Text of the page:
A public health expert has warned education and nursery staff need to be better prepared to prevent the spread of monkeypox as Scottish cases rise to almost 70. 

Professor Devi Sridhar urged for monkeypox prevention guidance to be issued at nurseries and schools after a daycare worker in the US was reported to have potentially exposed children to the virus. 

“Monkeypox is spread by close skin-to-skin contact,” Professor Sridhar posted on Twitter. “This is just basic prevention. I don’t think anyone wants their child coming home with this disease.”

The World Health Organisation (WHO) previously declared the outbreak across more than 70 countries a global emergency. 

The US has since followed and labelled the spread of monkeypox a public health emergency last week. 

In the case referenced by the University of Edinburgh chair of public health, a case emerged in Illinois on Friday where a staff member at a day care centre tested positive for monkeypox after working with children. 

READ MORE: Monkeypox declared a 'global emergency' by World Health Organisation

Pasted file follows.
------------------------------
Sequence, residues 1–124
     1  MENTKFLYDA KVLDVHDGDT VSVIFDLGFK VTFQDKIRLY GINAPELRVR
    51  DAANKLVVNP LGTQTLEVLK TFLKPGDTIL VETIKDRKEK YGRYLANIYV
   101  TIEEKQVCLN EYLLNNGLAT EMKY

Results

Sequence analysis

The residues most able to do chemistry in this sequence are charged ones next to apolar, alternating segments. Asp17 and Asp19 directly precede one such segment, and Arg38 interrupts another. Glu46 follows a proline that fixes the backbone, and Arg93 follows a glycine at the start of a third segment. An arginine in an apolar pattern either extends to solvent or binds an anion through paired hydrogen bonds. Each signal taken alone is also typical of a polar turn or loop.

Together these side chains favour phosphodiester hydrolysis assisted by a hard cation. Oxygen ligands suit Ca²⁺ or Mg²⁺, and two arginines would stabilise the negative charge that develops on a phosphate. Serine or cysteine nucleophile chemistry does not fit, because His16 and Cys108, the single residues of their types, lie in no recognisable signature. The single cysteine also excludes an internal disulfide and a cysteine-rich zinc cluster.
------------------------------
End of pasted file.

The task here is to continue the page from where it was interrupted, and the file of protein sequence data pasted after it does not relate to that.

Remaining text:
Youth who were exposed are being screened by officials and the US Food and Drug Administration has sanctioned the use of a vaccine, which at present is only authorised for adults.

In the latest update on the spread of the virus, Public Health Scotland revealed 67 cases have been officially confirmed north of the border. 

Across the UK, there were 2768 cases confirmed as of August 4 with an additional 91 highly probable cases of monkeypox. 

Most of the UK cases have been confirmed in England, particularly London. 

PHS said those in Scotland who had been diagnosed as positive are receiving care in line with nationally agreed protocols and guidance.

Speaking to the Sunday Mail, executive director of Glasgow Pride Euan McLeod said: “When people are hearing that this has been declared an emergency, and not much is happening outside of London, it is worrying for people in our communities.

“You can walk into any bar and find leaflets about Covid but nothing about monkeypox.

“As a result of the lack of information, people are turning to social media to share advice and their experiences.

“I also know of several people who are travelling to London to queue up for vaccines, as there is no capacity to do that here.”

According to PHS, 3000 doses of the smallpox vaccine have been allocated to Scotland from UK stockpiles.

The Scottish Government said: “People who are considered to be at risk are being offered the vaccine.”